MLB’s Top Ten Overrated Players

December 31, 2009 by Shanan H.  
Filed under Fan News

'Twas the night before New Years, and all around the country, Mets fans are screaming: "Louis Rivas, Carlos Delgado, J.J. Putz: You promised to be good, only to come in your wrath, and make our team lose. You could not beat the Phillies, the Yanks or the Fish, why even try, just go home and cry. "Now, Omar Minyaya, you want to get us Yorvit Torrealba? Let me tell you something about the way he is: "He isn't that great, just like the other ten on this list who did not perform this season. "Who are the other ten?" Well here they are, all in a 10-some list. Look over it or don't, give it a comment, or rate it just three. Here is the list, without further ado:"

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Article Source: Bleacher Report - Philadelphia Phillies

Report: Philadelphia Phillies To Sign Danys Baez

December 31, 2009 by Scott Malone  
Filed under Fan News

According to Jon Heyman of SI.com, via MLBTR, the Philadelphia Phillies have agreed to sign right handed reliever Danys Baez. Baez, who pitched for the Baltimore Orioles last season, allowed 22 walks to 40 strikeouts and 59 hits for a 4.02 ERA in 71.2 innings pitched.

MLB.com's Todd Zolecki has reported that Baez has agreed to a two-year deal pending a physical which Baez has yet to take. The common assumption is that Baez was the reliever that the Phillies apparently agreed to terms with last week.

Baez, 32, was superb against righties last season, holding them to just a .197 batting average, and he held opposing hitters to a .222/.273/.634 line last season in the tough American League East.

The Phitin's figure to slot Baez into the back of their bullpen in a late inning role where he will possibly receive the occasional save or two. Baez also figures to be an insurance policy for closer Brad Lidge in the event Lidge is not fully recovered from offseason surgery or he suffers from bouts of ineffectiveness like this past season.

Baez' best seasons were in 2004 and 2005 with the Tampa Bay Rays when he combined for 71 saves and pitched 140.1 innings while striking out 103. He put up ERA's of 3.57 and 2.68 for those respective seasons.

This figures to be the last major move that the Phillies will make, considering they were pushing the $140M payroll mark already in an offseason that saw the return of Placido Polanco, the arrival of Roy Halladay, and the departures of Cliff Lee, Pedro Feliz, Chan Ho Park, Scott Eyre, and Clay Condrey.

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The Wait Is Over: Danys Baez Signs With The Phillies

December 31, 2009 by victor filoromo  
Filed under Fan News

Finally, the mystery is over. 

Eight days ago it was reported that the Phillies had come to terms with a bullpen pitcher, believed to be either Danys Baez or Mike MacDougal. 

Now we have learned that the Phillies have agreed to a two-year deal with Baez, according to MLB.com's Todd Zolecki and SI.com's Jon Heyman.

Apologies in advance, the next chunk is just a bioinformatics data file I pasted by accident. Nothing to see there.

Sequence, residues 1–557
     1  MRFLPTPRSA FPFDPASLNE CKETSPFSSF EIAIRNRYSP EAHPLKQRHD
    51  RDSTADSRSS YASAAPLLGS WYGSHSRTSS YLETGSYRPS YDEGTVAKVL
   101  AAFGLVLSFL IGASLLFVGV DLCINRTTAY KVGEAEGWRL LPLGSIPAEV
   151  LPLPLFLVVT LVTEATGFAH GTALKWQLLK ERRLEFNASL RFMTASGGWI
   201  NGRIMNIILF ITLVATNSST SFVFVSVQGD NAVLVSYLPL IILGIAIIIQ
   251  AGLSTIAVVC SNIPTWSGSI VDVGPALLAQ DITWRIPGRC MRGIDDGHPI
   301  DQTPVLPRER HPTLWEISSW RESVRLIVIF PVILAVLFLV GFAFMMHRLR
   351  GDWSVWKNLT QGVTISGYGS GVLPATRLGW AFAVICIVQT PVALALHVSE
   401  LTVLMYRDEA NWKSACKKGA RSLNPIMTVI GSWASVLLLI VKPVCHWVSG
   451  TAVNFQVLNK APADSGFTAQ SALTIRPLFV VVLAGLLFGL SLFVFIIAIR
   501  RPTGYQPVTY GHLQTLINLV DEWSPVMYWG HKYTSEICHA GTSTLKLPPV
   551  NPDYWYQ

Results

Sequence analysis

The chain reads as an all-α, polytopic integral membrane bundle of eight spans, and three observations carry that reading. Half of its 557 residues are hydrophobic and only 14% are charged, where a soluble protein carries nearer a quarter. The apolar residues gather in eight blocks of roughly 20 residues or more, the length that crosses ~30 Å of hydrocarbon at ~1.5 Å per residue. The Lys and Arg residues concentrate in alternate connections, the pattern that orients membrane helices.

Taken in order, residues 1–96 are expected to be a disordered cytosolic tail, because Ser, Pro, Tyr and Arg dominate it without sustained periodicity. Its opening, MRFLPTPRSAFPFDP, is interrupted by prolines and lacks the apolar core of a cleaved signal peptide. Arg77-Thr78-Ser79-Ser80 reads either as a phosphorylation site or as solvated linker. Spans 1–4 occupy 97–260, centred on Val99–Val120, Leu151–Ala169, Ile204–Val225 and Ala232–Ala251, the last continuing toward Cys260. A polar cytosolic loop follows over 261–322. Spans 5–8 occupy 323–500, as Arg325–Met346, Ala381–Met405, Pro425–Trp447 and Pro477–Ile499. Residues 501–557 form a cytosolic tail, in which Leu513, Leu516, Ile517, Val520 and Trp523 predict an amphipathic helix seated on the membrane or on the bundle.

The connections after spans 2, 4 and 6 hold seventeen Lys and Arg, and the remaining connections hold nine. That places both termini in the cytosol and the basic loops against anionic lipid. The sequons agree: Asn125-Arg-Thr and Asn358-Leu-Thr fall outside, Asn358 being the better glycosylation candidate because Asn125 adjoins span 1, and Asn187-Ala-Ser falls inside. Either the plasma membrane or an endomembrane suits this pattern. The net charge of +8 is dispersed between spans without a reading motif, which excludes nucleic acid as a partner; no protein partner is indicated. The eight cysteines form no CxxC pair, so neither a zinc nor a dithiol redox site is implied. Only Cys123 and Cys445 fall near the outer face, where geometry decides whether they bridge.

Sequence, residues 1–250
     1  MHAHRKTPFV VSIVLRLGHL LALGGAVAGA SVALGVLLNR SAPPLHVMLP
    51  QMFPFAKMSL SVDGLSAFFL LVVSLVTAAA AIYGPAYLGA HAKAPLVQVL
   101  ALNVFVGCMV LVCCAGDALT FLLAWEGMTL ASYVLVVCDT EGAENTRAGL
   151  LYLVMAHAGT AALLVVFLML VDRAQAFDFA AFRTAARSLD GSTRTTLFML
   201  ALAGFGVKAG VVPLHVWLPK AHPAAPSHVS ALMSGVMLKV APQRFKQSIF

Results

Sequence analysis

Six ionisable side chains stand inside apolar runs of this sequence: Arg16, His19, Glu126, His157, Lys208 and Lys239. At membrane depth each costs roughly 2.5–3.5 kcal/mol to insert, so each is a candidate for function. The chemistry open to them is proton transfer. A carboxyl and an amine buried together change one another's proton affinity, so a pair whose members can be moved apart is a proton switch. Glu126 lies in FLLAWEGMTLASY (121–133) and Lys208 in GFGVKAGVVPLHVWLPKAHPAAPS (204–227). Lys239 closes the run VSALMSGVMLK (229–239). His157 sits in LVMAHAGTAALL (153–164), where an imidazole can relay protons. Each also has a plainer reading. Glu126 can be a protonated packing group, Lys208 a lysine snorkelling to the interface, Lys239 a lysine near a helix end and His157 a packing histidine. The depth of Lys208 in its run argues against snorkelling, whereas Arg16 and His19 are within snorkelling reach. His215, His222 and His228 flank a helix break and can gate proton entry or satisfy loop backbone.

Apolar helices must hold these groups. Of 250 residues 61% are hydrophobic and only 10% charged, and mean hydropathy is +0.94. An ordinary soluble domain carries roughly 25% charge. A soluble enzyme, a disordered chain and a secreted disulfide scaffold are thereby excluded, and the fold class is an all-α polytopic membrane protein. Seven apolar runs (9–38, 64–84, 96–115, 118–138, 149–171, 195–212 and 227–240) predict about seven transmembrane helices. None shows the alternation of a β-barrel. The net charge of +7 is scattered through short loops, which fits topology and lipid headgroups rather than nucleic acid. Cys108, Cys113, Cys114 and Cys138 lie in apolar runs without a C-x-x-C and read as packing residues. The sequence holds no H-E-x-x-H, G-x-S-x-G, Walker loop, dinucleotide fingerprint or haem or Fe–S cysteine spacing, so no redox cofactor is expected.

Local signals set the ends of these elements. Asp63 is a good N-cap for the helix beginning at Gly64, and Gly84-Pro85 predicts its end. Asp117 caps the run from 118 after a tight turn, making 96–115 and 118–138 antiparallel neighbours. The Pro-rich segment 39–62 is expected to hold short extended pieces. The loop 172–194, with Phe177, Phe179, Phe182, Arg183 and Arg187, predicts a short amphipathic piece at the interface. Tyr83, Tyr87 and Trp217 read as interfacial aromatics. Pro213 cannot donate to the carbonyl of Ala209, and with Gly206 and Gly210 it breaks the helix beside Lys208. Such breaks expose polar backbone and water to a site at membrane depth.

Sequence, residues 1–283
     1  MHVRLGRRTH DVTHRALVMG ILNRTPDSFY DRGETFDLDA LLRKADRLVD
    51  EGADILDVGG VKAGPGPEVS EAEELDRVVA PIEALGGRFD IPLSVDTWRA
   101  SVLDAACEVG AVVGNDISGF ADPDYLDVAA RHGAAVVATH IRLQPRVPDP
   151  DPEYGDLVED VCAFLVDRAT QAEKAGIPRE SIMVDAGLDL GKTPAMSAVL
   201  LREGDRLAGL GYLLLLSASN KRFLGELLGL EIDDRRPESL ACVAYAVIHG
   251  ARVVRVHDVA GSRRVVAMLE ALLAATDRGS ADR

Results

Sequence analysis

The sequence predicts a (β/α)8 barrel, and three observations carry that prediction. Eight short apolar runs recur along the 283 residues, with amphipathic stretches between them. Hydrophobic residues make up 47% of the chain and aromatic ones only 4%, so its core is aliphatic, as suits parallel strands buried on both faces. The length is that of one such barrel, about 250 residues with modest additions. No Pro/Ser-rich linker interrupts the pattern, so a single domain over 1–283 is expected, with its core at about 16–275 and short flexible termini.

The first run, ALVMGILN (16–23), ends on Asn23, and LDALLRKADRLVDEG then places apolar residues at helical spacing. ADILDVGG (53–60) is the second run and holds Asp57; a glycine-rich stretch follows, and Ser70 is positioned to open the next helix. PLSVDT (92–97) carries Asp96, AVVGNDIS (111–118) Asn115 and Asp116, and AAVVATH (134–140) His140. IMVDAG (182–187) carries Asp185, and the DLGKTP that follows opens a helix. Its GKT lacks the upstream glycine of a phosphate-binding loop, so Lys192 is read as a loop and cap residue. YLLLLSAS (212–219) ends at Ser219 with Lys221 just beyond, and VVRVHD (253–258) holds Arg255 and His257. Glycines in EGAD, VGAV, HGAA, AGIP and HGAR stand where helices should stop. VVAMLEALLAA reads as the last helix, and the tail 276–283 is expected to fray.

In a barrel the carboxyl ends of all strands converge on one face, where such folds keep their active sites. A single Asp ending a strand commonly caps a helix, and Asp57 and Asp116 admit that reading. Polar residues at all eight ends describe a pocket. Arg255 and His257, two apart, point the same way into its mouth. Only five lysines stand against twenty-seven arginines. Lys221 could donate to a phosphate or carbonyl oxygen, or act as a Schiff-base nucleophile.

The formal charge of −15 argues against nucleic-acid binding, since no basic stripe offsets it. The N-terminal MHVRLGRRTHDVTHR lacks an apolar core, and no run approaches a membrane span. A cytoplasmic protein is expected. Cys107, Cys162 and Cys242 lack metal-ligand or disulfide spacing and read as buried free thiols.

It's no shock, seeing that the Phillies have long held interest in Baez, back to his days with Tampa Bay

For a bullpen that was in flux for much of last year, it will give the Phillies some stability at the back end of the game. 

Heading into 2010, there are obvious questions about Brad Lidge who had performance and injury problems in 2009, and an elbow surgery in early November.

There will also be questions about J.C. Romero, who missed the first 50 games of 2009 due to his drug suspension, then missed a chunk of games towards the end of the year. He also had elbow surgery, one that was more extensive than Lidge's. 

The Phillies do not expect to have the services of Chan Ho Park in 2010, who performed admirably last season. Clay Condrey, long-relief extraordinaire, has joined Park as a free agent. 

It's also unknown whether or not Scott Eyre will return to the team in 2010, as General Manager Ruben Amaro Jr. has offered a contract of the minor league variety to the 37-year-old lefty. 

This much is known: there will be different faces in the Phillies bullpen in 2010 and Baez will be one of them. 

Outside of Baez, the Phillies should expect Lidge, Romero, Ryan Madson, and Chad Durbin to fill out spots in the bullpen. Therefore, expect some heavy competition in Spring Training for the final two bullpen spots. 

Baez, who turned 32 in September, has pitched for five teams, most recently the Orioles in 2009. He was 4-6 with a 4.02 ERA in 59 games. 

When it comes down to it, one of the most important qualities for a bullpen pitcher is an ability to keep walks at a minimum. 

It could be one of the reasons Baez won the war over MacDougal, whom the Phillies also had extensive interest in. Last year, Baez walked just 2.8 batters per nine innings while MacDougal walked 6.3 per nine. 

For his career, Baez has a 3.7 walks-per-nine inning ratio while MacDougal has a 4.7 BB/9 ratio. 

Baez is hardly a strikeout pitcher anymore, with his strikeout-per-nine inning ratio sitting at 5.02 in 2009. However, he is projected to rebound favorably in 2010 by baseball statistician Bill James, who sees his K/9 rising to 6.04.